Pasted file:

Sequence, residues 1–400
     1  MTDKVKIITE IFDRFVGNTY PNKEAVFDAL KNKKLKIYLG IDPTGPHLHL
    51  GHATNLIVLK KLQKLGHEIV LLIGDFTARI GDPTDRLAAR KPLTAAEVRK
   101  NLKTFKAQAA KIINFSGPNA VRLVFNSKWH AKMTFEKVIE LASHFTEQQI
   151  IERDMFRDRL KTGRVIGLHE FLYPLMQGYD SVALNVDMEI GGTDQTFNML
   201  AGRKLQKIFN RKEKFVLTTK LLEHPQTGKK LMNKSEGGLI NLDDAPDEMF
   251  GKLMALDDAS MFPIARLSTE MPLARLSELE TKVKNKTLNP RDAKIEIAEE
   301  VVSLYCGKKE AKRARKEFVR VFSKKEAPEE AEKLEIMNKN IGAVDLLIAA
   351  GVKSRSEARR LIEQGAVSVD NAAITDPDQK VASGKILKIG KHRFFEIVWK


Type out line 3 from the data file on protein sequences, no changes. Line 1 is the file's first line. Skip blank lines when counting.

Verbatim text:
    51  GHATNLIVLK KLQKLGHEIV LLIGDFTARI GDPTDRLAAR KPLTAAEVRK